We are two weeks away from the 2022 midterm elections and this year’s elections have advanced state leadership on a number of issues. States have become the new battleground for policy making and influence, especially when it comes to content moderation. But before we preview how the content moderation debate might unfold in 2023, we must first review past and ongoing trends.
State lawmakers launched their own initiatives to regulate online content moderation around 2018. Since 2021, states have introduced more than 250 bills to regulate content on digital service platforms, although often with the intent to target only major technology companies. Many states are considering or have passed content moderation legislation. However, much of this legislation may conflict with federal law, including Section 230 of the Communications Decency Act which, like our resource page explains, is an integral part of the function of the Internet.
Many states are moving to one-party rule in this election cycle, so state legislation will be much easier to pass. Over the past year, lawmakers have pursued several types of content moderation measures (covered more deeply in the CCIA Content moderation landscape), the most problematic of which often center around perceived “censorship”, the creation of an oversight body, requirements for disclosure and auditing or testing of algorithms, increased removal of content, and resolutions calling for Congress to amend or repeal Section 230, among other goals. . Some states to be aware of are California, District of Columbia, Florida, Minnesota, New York, Ohio, Texas, and Wisconsin.
California is a key battleground state in this debate because of the number of proposals that have been put forward and the influence they have on other states that are following suit. One of California’s most notable bills to consider is AB 587, which requires digital services to disclose confidential information regarding internal practices. The passing of legislation in California has encouraged states like New York to pass similar legislation like that in New York. SB 9594 and SB 9563replicas of those in California AB 587 and AB 2273 respectively.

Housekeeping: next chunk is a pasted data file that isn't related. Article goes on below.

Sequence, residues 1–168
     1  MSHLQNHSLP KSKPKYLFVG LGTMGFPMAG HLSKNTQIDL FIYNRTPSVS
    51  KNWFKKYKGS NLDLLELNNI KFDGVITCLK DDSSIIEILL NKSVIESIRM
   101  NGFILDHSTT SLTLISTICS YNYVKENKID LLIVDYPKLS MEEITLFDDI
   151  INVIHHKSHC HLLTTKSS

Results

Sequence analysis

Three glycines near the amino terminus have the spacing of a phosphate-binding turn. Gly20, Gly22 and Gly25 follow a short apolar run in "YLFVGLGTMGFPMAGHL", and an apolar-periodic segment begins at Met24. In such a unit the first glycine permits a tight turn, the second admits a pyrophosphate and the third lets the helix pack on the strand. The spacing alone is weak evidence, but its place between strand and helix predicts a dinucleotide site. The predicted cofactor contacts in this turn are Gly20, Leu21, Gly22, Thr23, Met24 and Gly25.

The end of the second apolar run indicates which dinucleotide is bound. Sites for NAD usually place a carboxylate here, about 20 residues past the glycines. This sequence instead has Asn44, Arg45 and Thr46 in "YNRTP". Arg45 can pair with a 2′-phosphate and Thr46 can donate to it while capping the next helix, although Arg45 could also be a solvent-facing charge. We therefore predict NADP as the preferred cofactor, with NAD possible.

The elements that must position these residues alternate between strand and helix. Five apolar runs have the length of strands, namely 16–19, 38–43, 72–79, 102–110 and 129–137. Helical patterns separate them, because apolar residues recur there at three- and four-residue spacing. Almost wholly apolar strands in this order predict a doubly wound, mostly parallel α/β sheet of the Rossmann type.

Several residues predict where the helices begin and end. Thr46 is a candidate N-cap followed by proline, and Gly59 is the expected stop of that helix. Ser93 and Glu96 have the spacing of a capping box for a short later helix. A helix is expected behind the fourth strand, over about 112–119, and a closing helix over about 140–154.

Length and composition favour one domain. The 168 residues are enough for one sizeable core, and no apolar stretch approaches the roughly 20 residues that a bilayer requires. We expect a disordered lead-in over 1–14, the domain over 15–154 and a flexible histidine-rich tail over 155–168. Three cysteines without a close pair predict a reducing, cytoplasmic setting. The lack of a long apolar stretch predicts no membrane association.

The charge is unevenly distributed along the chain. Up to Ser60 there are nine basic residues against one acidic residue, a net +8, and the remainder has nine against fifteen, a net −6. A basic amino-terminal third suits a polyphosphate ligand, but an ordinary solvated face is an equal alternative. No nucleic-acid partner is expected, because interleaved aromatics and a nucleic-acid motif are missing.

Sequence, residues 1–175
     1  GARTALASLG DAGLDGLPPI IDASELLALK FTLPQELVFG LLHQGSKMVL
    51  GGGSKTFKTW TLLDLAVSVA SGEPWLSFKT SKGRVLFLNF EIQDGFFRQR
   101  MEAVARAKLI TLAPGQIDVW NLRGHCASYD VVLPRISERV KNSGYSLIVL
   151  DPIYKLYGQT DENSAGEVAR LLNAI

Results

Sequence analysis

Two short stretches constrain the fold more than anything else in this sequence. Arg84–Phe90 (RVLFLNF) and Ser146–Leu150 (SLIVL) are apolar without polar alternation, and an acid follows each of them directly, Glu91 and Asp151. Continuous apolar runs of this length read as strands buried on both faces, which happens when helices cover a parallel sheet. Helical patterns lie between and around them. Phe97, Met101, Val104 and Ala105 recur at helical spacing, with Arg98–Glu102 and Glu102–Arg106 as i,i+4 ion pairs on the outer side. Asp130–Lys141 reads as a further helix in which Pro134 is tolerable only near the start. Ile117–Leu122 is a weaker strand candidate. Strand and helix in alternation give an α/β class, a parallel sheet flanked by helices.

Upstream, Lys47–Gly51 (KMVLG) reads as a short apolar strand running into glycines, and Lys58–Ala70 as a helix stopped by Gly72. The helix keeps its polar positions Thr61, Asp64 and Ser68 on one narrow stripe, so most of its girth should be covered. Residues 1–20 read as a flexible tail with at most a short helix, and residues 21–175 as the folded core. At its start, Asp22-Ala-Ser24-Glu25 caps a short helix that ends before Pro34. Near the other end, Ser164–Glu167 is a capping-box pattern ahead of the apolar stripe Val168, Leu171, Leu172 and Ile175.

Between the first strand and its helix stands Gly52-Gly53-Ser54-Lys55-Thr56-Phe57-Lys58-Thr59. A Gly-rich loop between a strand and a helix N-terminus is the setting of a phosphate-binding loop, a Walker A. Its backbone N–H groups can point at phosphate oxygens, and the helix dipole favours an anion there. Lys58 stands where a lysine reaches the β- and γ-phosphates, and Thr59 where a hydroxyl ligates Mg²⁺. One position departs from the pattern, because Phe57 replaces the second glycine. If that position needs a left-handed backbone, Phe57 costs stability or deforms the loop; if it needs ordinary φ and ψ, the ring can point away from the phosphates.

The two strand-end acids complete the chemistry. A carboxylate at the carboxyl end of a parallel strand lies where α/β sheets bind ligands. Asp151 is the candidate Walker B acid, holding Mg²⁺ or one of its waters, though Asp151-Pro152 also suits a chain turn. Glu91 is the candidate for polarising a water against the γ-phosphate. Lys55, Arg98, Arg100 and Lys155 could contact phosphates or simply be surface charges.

Looking to 2023, where control of Congress will be split between Republicans and Democrats, we expect the GOP-led House of Representatives to continue with vociferous hearings and legislative vehicles targeting Section 230 and alleged complaints of ” censorship”. Democrats have also made content moderation a priority, but parties disagree on what should be done about it and so carefully negotiated federal legislation on Section 230 is unlikely to become law. .
While we’ll likely see a stalemate in DC on content moderation, due to mid-terms, more states have moved to one-party rule, making that the focus of this debate. Additionally, while we are likely to see more state proposals on content moderation and digital platforms in 2023, the proposals themselves have and will continue to face many challenges, including challenges legal as to their constitutionality. The legal costs of these bills, common carrier regulations, hardship provisions, private rights of action, lack of evidence-based policymaking, and the patchwork of regulations that emerge from these government efforts. government could very well prevent American companies from competing and innovating at home and abroad. . DisCo has already discussed the high cost state-by-state content moderation.
Finally, while many states move forward with their content moderation proposals, other states’ bills, like Florida’s SB 7072 (which DisCo previously discussed) and Texas’ HB 20, are the subject of rigorous litigation. Many of these emerging bills that are just following in the footsteps of others could also end up in court. Any proposed legislation must be carefully considered or it could lead to unnecessary litigation or even harm both competition and consumers by disrupting reliable digital services.
Learn more about the content moderation landscape here.
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